• extreme negativism (motiveless resistance to all instructions or maintenance of a rigid posture against attempts to be moved) or mutism
  • peculiarities of voluntary movement as evidenced by posturing, stereotyped movements, prominent mannerisms, or prominent grimacing
  • echolalia or echopraxia

Subtypes

  • Stupor is a motionless, apathetic state in which one is oblivious or does not react to external stimuli. Motor activity is nearly non-existent. Individuals in this state make little or no eye contact with others and may be mute and rigid. One might remain in one position for a long period of time, and then go directly to another position immediately after the first position.
  • Catatonic excitement is a state of constant purposeless agitation and excitation. Individuals in this state are extremely hyperactive, although, as aforementioned, the activity seems to lack purpose. It is commonly cited as one of the most dangerous mental states in psychiatry.[9]
  • Malignant catatonia is an acute onset of excitement, fever, autonomic instability, delirium and may be fatal.[10]

Catatonia rating scale

Fink and Taylor developed a catatonia rating scale to identify the syndrome.[7] A diagnosis is verified by a benzodiazepine or barbiturate test. The diagnosis is validated by the quick response to either benzodiazepines or electroconvulsive therapy (ECT). While proven useful in the past, barbiturates are no longer commonly used in psychiatry; thus the option of either benzodiazepines or ECT.

Treatment

Initial treatment is aimed at providing symptomatic relief. Benzodiazepines are the first line of treatment, and high doses are often required. A test dose of 1–2 mg of intramuscular lorazepam will often result in marked improvement within half an hour. In France, zolpidem has also been used in diagnosis, and response may occur within the same time period. Ultimately the underlying cause needs to be treated.[7]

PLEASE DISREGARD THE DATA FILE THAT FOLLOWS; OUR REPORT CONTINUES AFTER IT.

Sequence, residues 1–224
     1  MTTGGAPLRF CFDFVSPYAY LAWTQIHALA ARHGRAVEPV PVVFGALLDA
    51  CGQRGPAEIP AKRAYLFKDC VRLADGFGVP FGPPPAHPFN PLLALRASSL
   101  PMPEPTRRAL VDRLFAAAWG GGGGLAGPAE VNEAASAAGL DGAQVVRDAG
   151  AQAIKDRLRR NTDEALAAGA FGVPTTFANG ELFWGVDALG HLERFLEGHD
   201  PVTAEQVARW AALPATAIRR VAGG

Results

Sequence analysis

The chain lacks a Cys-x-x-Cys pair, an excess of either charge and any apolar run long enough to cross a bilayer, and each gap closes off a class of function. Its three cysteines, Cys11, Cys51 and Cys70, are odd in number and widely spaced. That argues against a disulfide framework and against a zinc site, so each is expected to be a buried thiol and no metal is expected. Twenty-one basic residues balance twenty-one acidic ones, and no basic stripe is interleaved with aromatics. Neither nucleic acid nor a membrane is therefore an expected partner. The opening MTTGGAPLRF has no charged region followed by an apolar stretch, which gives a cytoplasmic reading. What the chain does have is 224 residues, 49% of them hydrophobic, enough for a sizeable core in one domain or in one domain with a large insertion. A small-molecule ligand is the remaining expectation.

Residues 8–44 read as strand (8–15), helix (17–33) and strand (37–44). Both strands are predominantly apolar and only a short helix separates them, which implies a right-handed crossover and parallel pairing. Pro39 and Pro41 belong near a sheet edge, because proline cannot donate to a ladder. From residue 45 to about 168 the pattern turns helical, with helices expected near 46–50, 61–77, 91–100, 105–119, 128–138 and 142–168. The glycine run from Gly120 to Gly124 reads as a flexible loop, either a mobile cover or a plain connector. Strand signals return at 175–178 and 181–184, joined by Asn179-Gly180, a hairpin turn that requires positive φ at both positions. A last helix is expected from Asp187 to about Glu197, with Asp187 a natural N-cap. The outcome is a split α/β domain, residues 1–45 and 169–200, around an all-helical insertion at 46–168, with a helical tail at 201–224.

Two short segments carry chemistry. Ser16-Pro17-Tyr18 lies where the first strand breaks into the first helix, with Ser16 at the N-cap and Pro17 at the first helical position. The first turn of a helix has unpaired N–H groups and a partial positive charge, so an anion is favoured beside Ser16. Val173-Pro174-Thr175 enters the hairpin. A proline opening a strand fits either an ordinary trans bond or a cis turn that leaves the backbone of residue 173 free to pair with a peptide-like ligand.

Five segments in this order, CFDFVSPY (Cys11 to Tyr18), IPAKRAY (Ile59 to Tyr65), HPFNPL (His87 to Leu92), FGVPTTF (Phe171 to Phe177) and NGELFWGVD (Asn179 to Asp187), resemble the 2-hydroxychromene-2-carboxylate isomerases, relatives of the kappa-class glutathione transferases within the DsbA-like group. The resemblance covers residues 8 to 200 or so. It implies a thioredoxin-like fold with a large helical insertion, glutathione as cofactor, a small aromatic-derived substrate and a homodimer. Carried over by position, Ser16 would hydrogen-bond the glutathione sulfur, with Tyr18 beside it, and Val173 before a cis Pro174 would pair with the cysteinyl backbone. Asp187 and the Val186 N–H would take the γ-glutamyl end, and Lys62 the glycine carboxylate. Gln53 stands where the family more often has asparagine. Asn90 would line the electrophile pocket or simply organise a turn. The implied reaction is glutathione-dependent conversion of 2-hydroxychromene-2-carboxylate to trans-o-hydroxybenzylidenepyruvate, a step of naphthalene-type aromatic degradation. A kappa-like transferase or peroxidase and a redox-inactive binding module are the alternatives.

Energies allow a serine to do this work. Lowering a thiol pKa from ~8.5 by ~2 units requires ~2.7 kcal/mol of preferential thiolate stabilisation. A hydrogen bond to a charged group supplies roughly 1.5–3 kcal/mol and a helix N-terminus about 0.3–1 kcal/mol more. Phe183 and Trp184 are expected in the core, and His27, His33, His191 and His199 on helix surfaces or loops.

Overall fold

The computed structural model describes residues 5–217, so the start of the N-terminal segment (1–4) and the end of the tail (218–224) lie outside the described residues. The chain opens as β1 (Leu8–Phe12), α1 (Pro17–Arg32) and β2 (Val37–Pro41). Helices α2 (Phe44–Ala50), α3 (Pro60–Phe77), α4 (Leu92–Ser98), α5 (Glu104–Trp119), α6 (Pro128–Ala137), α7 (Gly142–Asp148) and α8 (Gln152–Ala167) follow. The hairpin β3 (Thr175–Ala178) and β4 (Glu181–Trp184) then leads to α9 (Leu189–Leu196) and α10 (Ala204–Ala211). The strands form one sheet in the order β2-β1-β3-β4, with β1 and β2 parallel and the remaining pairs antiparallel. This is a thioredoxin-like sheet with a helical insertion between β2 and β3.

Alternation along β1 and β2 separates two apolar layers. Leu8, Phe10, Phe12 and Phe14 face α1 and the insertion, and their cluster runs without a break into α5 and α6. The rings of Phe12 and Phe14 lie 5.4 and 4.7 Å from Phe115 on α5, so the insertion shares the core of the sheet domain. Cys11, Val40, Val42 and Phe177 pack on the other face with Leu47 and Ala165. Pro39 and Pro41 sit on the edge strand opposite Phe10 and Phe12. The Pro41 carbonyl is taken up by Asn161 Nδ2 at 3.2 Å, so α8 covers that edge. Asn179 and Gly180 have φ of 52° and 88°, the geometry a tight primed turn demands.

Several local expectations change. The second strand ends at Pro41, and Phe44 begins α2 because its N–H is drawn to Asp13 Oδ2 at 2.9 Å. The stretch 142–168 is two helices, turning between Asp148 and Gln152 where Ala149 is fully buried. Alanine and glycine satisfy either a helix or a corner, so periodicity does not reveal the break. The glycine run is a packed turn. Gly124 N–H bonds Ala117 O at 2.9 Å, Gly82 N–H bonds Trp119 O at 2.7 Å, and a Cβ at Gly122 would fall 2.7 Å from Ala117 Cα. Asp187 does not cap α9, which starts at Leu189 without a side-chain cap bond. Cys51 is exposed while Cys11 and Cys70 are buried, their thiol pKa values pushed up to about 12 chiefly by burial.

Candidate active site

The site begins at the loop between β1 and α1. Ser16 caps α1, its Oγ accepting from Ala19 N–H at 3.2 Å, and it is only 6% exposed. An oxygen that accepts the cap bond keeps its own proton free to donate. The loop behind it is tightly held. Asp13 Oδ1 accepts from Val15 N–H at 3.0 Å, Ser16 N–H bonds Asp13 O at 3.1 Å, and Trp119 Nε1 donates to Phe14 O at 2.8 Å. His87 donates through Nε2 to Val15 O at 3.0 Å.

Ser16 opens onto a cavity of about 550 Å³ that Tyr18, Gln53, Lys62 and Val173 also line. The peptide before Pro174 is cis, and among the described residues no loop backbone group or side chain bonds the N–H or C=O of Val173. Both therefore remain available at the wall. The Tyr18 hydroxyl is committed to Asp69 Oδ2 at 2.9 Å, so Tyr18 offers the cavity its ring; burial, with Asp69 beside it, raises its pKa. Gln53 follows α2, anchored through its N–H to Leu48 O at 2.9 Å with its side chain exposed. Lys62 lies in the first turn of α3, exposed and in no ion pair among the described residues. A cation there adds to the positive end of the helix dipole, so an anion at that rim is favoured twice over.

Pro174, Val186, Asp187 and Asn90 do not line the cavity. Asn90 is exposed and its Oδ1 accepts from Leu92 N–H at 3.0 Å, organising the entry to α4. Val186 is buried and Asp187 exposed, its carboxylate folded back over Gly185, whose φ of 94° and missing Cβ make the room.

Electroconvulsive therapy (ECT) is an effective treatment for catatonia as well as for most of the underlying causes (e.g. psychosis, mania, depression). Antipsychotics should be used with care as they can worsen catatonia and are the cause of neuroleptic malignant syndrome, a dangerous condition that can mimic catatonia and requires immediate discontinuation of the antipsychotic.[7]

Excessive glutamate activity is believed to be involved in catatonia; when first-line treatment options fail, NMDA antagonists such as amantadine or memantine are used. Amantadine may have an increased incidence of tolerance with prolonged use and can cause psychosis, due to its additional effects on the dopamine system. Memantine has a more targeted pharmacological profile for the glutamate system, reduced incidence of psychosis and may therefore be preferred for individuals who cannot tolerate amantadine. Topiramate, is another treatment option for resistant catatonia; it produces its therapeutic effects by producing glutamate antagonism via modulation of AMPA receptors.[11]

See also

References

External links

  • Encyclopedia of Mental Disorders - Catatonic Disorders